Davis said: “It’s a bit like contempt of court, essentially by deceit. If you look just at the debate alone, on five different grounds the house was misled – three in terms of the weapons of mass destruction, one in terms of the UN votes were going, and one in terms of the threat, the risks. He might have done one of those accidentally, but five?”
Salmond said he believed Corbyn’s support would mean the motion had enough cross-party support. “No parliament worth its salt tolerates being misled,” Scotland’s former first minister told ITV’s Peston on Sunday.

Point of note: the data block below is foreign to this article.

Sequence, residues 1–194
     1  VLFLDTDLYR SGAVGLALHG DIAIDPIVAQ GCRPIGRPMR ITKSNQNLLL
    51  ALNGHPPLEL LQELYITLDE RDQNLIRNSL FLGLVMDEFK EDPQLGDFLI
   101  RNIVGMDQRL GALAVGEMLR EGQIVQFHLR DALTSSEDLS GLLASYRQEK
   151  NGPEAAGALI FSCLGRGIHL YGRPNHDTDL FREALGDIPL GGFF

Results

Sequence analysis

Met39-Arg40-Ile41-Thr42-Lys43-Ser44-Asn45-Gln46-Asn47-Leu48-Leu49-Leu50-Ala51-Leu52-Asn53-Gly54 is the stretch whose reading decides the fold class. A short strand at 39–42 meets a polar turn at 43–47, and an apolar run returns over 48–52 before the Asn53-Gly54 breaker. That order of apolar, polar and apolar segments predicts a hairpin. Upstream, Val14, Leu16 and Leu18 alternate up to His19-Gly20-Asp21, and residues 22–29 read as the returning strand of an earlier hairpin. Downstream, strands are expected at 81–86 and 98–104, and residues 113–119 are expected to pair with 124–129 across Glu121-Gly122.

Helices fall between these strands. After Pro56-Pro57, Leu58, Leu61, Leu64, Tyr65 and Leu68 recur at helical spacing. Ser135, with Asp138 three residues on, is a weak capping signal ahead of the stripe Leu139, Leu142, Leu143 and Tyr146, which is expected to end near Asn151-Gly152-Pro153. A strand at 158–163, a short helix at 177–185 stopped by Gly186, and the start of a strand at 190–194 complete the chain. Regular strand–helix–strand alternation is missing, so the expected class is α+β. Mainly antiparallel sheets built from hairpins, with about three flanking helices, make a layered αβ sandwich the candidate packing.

Asked about the potential vote, Corbyn told Marr he would probably back the motion. “Parliament must hold to account, including Tony Blair, those who took us into this particular war,” he said.
Unsurprisingly Blairite Angela Eagle hinted she would not support it.